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Indiana University sued by students over its vaccine requirement

“No vaccine for you. Let me know if you need a letter for the university.”

That’s what a world-class infectious disease physician told Jaime Carini, a doctoral candidate at Indiana University, who suffers from several chronic illnesses.

When she applied for an exemption from vaccination, Indiana University denied her request, and now Carini is taking the university to court over its vaccine mandate.

Carini is among seven students claiming in a lawsuit, filed Monday, that Indiana University’s COVID vaccine mandate violates their Fourteenth Amendment rights to bodily integrity and refusing medical treatment.

They say it also flies in the face of an Indiana law banning vaccine passports.

Since the lawsuit was filed, Indiana University announced it will not require proof of vaccination but that the mandate stands.

In short, if a student refuses to get the COVID vaccine they can face a stringent exemption process, falsify vaccination, or face “virtual expulsion,” according to the lawsuit.

For the few who do receive an exemption, the university requires masks, semi-weekly testing, and mandatory quarantine if exposed to COVID.

“Indiana University stands alone as the sole public university in Indiana with a vaccine mandate,” the suit states, noting other institutions simply encourage students to get it.

When asked if Indiana University’s announcement it will not require proof of vaccination but keep the mandate changes the standing of the case, the attorney representing the students, James Bopp Jr., said it does not.

In a phone interview with The College Fix, Bopp, who has argued many cases before the U.S. Supreme Court, said the mandate still violates the constitutional right to choose medical treatment and protect bodily integrity.

Requiring students to vaccinate is “not reasonable and rational,” according to Bopp.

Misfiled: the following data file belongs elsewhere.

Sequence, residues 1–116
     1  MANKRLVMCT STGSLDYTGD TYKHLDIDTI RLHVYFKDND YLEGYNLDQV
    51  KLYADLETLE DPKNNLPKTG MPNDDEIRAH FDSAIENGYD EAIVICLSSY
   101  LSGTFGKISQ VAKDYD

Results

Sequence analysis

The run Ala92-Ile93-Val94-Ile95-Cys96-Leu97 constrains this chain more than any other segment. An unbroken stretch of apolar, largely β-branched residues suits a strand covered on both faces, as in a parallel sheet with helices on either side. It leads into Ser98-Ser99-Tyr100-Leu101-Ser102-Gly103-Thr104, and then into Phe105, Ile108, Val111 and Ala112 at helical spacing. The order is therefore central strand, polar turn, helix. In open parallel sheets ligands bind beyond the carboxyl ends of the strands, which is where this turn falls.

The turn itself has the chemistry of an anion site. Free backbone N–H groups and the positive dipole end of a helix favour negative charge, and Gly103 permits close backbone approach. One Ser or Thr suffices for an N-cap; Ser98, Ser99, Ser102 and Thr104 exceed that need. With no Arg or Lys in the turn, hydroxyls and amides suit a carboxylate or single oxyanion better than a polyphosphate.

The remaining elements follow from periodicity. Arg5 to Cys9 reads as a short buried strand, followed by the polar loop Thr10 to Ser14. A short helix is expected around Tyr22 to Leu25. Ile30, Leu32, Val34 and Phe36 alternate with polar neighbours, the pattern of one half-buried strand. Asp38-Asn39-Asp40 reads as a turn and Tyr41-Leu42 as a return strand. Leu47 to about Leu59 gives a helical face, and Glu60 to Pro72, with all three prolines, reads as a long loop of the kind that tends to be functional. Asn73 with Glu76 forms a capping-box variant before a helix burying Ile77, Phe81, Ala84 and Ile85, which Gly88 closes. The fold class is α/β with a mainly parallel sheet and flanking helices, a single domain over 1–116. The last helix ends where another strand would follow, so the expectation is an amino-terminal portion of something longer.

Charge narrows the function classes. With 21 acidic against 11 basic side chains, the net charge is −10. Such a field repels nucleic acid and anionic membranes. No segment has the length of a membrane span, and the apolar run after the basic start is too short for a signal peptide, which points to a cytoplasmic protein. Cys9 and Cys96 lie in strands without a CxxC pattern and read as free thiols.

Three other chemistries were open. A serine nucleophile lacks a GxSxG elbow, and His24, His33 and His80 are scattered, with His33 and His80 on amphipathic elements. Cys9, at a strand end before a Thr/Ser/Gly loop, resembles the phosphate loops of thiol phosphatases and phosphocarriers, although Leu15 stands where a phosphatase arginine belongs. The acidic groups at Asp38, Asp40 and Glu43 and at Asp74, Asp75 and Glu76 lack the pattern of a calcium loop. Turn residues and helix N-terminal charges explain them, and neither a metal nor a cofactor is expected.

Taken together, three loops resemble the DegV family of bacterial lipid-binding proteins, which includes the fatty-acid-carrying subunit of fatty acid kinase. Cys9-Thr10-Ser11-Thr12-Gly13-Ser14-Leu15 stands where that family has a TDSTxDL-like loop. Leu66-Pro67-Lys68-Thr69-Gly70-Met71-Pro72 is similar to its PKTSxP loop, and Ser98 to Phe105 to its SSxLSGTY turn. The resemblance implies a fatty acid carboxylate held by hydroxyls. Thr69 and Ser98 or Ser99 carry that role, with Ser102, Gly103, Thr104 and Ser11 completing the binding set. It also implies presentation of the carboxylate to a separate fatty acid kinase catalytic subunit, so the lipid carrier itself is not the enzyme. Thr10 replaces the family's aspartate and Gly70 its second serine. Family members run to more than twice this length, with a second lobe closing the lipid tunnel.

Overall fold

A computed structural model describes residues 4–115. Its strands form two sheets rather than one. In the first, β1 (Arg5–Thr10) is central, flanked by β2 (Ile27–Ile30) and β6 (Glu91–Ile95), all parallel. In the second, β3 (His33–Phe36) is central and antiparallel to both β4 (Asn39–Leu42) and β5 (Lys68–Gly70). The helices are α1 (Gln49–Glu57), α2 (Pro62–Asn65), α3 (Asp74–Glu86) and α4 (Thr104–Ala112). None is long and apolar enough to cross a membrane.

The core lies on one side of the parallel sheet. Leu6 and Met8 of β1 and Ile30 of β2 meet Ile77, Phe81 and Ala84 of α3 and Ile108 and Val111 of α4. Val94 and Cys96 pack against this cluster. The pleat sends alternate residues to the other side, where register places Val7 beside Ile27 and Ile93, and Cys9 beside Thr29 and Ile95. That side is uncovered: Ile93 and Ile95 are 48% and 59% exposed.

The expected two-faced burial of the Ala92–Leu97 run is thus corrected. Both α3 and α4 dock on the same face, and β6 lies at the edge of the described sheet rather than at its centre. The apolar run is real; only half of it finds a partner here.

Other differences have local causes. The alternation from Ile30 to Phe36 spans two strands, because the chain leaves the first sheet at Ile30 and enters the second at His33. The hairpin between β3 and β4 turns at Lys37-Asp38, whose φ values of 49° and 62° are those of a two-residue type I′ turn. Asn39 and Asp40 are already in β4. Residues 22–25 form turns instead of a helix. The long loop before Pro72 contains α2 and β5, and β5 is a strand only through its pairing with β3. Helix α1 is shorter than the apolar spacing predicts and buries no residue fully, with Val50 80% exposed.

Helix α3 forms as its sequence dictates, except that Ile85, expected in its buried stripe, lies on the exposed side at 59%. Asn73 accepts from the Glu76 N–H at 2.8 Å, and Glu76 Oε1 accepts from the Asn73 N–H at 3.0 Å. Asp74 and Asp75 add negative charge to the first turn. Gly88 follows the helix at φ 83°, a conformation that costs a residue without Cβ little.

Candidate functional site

Since the vaccines are authorized for “emergency use,” they require “complete, informed, and voluntary consent,” according to the lawsuit.

“IU students are the least at risk of a COVID infection,” Bopp said. “For those not vaccinated, they are entitled to make the decision.”

The IU Restart Committee affirmed the very low rate of hospitalization and death due to COVID-19 in a recommendations report submitted last month.

The lawsuit also highlights growing concerns about the risks associated with COVID vaccination in college-aged populations. Reports continue to surface of myocarditis, a sometimes deadly heart condition, correlating with COVID vaccination, especially in young males.

Dr. Aaron Kheriaty, a psychiatry professor and director of the medical ethics program at UC Irvine, said that risks of vaccination for college-aged students likely outweighs its benefits for college students.

“[T]he reported rates of myocarditis in people under 30—especially in young men—suggest that the risks of vaccination outweigh the risks of Covid in this population,” he said in an email to The College Fix.

Indiana University’s spokesperson did not respond to emails and phone calls from The College Fix on Wednesday, Thursday and Friday seeking request for comment.

IU spokesman Chuck Carney told Fox News the vaccine policy remains in place for “all Indiana University students, faculty and staff.”

“The university is confident it will prevail in this case. Following the release of the Indiana attorney general’s opinion, our process was revised, with uploading proof of vaccination no longer required,” Carney said. “The attorney general’s opinion affirmed our right to require the vaccine.”

MORE: Arizona Gov. Ducey issues sweeping order protecting college students against COVID mandates

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About the Author
College Fix contributor Alex McKenna is a student at Franciscan University of Stubenville, majoring in political science and humanities and Catholic culture.